Report: Texas School District Says Teachers Need To Offer ‘Opposing’ Perspectives On Holocaust Due To New Critical Race Theory Law
A public school administrator in suburban Dallas told teachers who keep books on the Holocaust in their classrooms to also offer reading material on “other perspectives” last week, NBC News reported Thursday, as school districts grapple with a new Texas law restricting how teachers discuss controversial social issues.
Gina Peddy, an official with the Carroll Independent School District northwest of Dallas, told teachers to “make sure that if you have a book on the Holocaust, that you have one that has an opposing, that has other perspectives,” according to audio released by NBC.
Staffers were audibly incredulous about this example, prompting Peddy to respond, “believe me, that’s come up,” according to NBC’s recording of the meeting.
Peddy cited House Bill 3979, a law signed in June that requires teachers who discuss controversial issues in the classroom to “strive to explore the topic from diverse and contending perspectives without giving deference to any one perspective.”
In a statement, the district said it’s also trying to navigate another state law known as Senate Bill 3 that’s set to take effect in mid-December, which the school system believes applies to classroom libraries and other learning materials made available to students.
“Our district recognizes that all Texas teachers are in a precarious position with the latest legal requirements,” Karen Fitzgerald, a school district spokesperson, said in a written statement to NBC and Forbes. “Our district has not and will not mandate books be removed nor will we mandate that classroom libraries be unavailable.”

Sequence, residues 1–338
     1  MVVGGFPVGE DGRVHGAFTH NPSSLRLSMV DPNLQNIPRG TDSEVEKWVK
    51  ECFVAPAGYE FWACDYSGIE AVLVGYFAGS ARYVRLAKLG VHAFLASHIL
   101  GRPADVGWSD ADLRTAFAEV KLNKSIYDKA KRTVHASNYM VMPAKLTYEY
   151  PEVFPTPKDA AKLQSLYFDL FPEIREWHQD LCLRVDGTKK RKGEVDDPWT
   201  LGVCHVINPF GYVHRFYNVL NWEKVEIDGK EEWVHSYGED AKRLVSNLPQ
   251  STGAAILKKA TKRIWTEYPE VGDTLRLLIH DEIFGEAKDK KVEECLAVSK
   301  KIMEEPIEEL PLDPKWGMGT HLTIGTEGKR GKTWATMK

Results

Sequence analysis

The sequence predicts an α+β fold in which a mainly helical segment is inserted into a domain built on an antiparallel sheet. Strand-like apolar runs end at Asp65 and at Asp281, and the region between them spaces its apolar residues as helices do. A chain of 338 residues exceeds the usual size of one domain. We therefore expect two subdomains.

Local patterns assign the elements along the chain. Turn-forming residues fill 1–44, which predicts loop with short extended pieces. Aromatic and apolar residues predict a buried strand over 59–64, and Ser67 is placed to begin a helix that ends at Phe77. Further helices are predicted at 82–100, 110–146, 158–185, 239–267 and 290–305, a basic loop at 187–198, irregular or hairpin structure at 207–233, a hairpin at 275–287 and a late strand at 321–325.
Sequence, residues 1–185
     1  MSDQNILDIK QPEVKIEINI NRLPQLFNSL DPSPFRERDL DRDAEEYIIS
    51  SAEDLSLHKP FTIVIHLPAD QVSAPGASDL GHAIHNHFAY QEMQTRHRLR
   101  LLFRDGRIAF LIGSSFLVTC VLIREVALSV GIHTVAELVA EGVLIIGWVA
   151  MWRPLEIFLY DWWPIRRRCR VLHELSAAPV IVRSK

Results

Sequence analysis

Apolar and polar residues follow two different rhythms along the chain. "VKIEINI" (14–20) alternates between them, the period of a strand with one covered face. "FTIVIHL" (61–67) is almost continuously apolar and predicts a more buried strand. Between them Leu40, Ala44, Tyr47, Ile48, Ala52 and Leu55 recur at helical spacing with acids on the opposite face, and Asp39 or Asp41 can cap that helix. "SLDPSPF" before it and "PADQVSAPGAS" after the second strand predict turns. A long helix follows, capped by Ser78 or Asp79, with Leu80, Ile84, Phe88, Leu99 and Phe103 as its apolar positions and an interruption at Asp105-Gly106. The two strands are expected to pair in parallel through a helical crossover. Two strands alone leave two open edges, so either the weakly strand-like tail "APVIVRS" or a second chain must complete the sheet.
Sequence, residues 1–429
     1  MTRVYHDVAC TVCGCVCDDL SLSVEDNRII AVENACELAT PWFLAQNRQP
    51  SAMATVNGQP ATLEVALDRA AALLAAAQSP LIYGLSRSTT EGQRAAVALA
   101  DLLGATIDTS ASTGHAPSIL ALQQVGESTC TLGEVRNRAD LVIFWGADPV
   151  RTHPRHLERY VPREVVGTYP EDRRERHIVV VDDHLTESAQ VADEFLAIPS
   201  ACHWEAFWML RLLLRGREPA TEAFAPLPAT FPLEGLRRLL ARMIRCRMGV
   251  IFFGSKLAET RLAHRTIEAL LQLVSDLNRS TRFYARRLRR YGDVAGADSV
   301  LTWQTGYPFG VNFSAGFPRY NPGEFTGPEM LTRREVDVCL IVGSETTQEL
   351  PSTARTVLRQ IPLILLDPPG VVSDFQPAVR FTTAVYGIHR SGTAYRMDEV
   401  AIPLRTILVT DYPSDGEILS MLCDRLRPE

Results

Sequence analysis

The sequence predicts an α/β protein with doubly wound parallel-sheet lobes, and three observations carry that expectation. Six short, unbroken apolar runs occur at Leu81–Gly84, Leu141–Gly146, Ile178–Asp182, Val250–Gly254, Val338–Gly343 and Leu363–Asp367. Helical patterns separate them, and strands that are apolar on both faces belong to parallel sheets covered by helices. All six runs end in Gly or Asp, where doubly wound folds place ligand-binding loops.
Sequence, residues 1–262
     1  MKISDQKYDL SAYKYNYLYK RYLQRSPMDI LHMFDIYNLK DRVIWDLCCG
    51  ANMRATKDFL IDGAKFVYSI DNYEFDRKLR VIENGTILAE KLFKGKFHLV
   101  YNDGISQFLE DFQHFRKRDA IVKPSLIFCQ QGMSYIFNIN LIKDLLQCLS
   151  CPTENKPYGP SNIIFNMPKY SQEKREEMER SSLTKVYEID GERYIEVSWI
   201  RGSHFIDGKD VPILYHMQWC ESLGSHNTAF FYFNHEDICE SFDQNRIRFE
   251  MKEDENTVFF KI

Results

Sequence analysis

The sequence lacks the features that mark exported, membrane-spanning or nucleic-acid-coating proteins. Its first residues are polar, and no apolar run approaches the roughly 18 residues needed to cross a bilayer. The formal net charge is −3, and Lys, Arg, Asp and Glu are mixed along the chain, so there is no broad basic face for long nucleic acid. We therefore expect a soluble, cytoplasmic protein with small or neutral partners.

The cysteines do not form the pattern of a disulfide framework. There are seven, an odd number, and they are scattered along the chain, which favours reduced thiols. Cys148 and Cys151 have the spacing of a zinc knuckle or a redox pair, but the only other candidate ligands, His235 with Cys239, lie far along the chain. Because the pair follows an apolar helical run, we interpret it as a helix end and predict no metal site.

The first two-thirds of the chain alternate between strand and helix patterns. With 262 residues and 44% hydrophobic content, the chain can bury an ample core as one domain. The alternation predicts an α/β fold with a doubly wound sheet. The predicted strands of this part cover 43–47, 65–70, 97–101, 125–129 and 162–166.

HB3979 says teachers in Texas can’t be required to discuss any “controversial issue of public policy or social affairs.” If teachers choose to talk about controversial topics, they need to offer diverse perspectives, and they cannot suggest a particular race is superior or deserving of guilt, according to the law. When the Texas House passed the bill earlier this year, its lead author — state Rep. Steve Toth (R) — framed it as “one of the strongest prohibitions on Critical Race Theory in the country.” The bill is part of a wave of legislation in Republican-controlled states restricting how teachers discuss race: Some Republicans have taken issue with public schools’ approach to race, often channeling their outrage toward “critical race theory,” a decades-old academic concept that explores systemic racism in U.S. legal and social contexts. Opponents in Texas have castigated this legislative push, arguing the restrictions make it tougher for teachers to lead difficult conversations.
In a statement Thursday, the Texas Democratic Party blamed the Carroll Independent School District’s Holocaust claim on the state’s new laws, which Democrats have cast as censorship. “This is an outrage, not only for Jewish communities across our state, but for every single parent sending their kids to school in the morning and worrying about what kinds of attacks they’ll face, simply because of who they are,” said Hannah Roe Beck, the party’s co-executive director.
Some state education officials and politicians told NBC News the school district’s interpretation of Texas law was overly broad. State Sen. Bryan Hughes (R), the author of SB3, told the news outlet “that’s not what the bill says.” Spokespeople for Hughes and Toth did not immediately respond to requests for comment from Forbes.
The Carroll Independent School District has faced repeated upheaval over books this month, amid a larger debate about diversity and inclusion initiatives. The district’s board reportedly issued a letter of reprimand last week to a fourth grade teacher who displayed This Book is Anti-Racist in the classroom, a decision the Fort Worth Star-Telegram editorial board criticized as micromanagement of a teacher who previously earned plaudits from administrators. The school district also rolled out training last week on classroom reading materials, NBC reported, though the district said this training session — which was planned in September — was designed to “discuss best practices” and help teachers grapple with SB3 and HB3979.